8.2D Construct tables and graphs, using repeated trials and means, to organize data and identify patterns.
Process Standard

Construct

TABLES AND GRAPHS

Including, but not limited to:

  • Using repeated trials and means
  • Organize data
  • Identify patterns

Note(s):

  • STAAR:
    • The process skills will be incorporated into at least 40% of the test questions and will be identified along with content standards.
  • TxCCRS:
    • I. Nature of Science – E1 – Use several modes of expression to describe or characterize natural patterns and phenomena. These models of expression include narrative, numerical, graphical, pictorial, symbolic, and kinesthetic.
8.2E Analyze data to formulate reasonable explanations, communicate valid conclusions supported by the data, and predict trends.
Process Standard

Analyze

DATA

Including, but not limited to:

  • Formulate reasonable explanations
    • Making claims (statements) from data
    • Providing evidence from data in order to support claims
  • Communicate valid conclusions supported by data
    • Using reasoning (argumentation) to explain or justify the claims
  • Predict trends

Note(s):

  • STAAR:
    • The process skills will be incorporated into at least 40% of the test questions and will be identified along with content standards.
  • Project 2061: By the end of the 8th grade, students should know that:
    • Even with similar results, scientists may wait until an investigation has been repeated many times before accepting the results as correct. 1A/M1b
8.3 Scientific investigation and reasoning. The student uses critical thinking, scientific reasoning, and problem solving to make informed decisions and knows the contributions of relevant scientists. The student is expected to:
8.3A Analyze, evaluate, and critique scientific explanations by using empirical evidence, logical reasoning, and experimental and observational testing, so as to encourage critical thinking by the student.
Process Standard

Analyze, Evaluate, Critique

SCIENTIFIC EXPLANATIONS, SO AS TO ENCOURAGE CRITICAL THINKING BY THE STUDENT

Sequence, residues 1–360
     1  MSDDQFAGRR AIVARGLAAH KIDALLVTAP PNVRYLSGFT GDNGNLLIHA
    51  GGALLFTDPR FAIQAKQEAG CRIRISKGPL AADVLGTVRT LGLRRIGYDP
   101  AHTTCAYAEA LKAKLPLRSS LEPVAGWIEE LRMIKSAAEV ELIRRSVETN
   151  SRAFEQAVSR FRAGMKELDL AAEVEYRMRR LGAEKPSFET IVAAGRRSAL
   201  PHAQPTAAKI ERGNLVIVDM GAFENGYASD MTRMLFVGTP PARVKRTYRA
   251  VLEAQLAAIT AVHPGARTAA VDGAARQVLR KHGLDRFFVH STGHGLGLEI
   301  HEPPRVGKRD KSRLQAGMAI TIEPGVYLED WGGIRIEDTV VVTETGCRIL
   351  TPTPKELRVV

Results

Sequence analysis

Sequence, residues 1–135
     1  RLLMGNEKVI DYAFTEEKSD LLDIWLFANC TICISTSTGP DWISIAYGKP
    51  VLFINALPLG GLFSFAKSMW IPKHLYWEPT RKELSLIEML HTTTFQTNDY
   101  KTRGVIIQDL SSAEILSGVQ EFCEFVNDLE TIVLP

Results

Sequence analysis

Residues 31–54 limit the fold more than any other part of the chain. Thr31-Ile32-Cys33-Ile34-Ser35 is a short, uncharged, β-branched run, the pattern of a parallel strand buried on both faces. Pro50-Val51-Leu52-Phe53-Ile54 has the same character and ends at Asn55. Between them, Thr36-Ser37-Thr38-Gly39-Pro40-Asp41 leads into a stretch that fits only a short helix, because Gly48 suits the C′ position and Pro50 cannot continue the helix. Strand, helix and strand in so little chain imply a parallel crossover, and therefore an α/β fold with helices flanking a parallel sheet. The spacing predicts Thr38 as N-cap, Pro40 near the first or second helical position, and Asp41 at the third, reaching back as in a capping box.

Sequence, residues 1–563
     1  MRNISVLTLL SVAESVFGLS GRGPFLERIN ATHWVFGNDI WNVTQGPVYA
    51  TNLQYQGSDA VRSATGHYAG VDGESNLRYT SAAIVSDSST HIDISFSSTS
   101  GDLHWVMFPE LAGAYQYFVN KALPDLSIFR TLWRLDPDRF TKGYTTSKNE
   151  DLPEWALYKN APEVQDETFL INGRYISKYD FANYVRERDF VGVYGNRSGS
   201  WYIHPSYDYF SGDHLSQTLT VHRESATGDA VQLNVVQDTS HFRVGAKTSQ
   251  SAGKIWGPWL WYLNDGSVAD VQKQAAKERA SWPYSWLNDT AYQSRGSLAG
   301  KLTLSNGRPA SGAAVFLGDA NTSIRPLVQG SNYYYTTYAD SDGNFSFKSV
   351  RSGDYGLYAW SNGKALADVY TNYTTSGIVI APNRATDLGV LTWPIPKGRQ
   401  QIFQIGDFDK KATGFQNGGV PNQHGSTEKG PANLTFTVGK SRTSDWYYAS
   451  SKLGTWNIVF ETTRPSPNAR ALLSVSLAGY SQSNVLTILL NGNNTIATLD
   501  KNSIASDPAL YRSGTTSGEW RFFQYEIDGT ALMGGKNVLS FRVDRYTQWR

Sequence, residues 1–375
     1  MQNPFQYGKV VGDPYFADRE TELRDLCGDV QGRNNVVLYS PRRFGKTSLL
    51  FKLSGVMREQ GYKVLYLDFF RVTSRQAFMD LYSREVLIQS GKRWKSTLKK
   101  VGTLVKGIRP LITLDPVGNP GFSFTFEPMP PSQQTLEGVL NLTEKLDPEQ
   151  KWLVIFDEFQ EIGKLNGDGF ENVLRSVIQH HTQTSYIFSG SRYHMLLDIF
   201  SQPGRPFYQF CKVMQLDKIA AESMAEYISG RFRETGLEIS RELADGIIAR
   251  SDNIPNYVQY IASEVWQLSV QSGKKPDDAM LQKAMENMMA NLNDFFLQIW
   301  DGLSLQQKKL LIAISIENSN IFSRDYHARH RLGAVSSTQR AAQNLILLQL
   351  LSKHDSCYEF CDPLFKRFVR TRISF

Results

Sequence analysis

Including, but not limited to:

  • Use
    • Empirical evidence
    • Logical reasoning
    • Experimental and observational testing

Note(s):

  • STAAR:
    • The process skills will be incorporated into at least 40% of the test questions and will be identified along with content standards.
  • Project 2061: By the end of the 8th grade, students should know that:
    • Scientific knowledge is subject to modification as new information challenges prevailing theories and as a new theory leads to looking at old observations in a new way. 1A/M2
    • Some scientific knowledge is very old and yet is still applicable today. 1A/M3
    • Scientific investigations usually involve the collection of relevant data, the use of logical reasoning, and the application of imagination in devising hypotheses and explanations to make sense of the collected data. 1B/M1b*
    • If more than one variable changes at the same time in an experiment, the outcome of the experiment may not be clearly attributable to any one variable. It may not always be possible to prevent outside variables from influencing an investigation (or even to identify all of the variables). 1B/M2ab
  • TxCCRS:
    • I. Nature of Science – A1 – Utilize skepticism, logic, and professional ethics in science.
    • I. Nature of Science – A4 – Rely on reproducible observations of empirical evidence when constructing, analyzing, and evaluating explanations of natural events and processes.
8.3B

Use models to represent aspects of the natural world such as an atom, a molecule, space, or a geologic feature.


Process Standard

Use

MODELS

Including, but not limited to: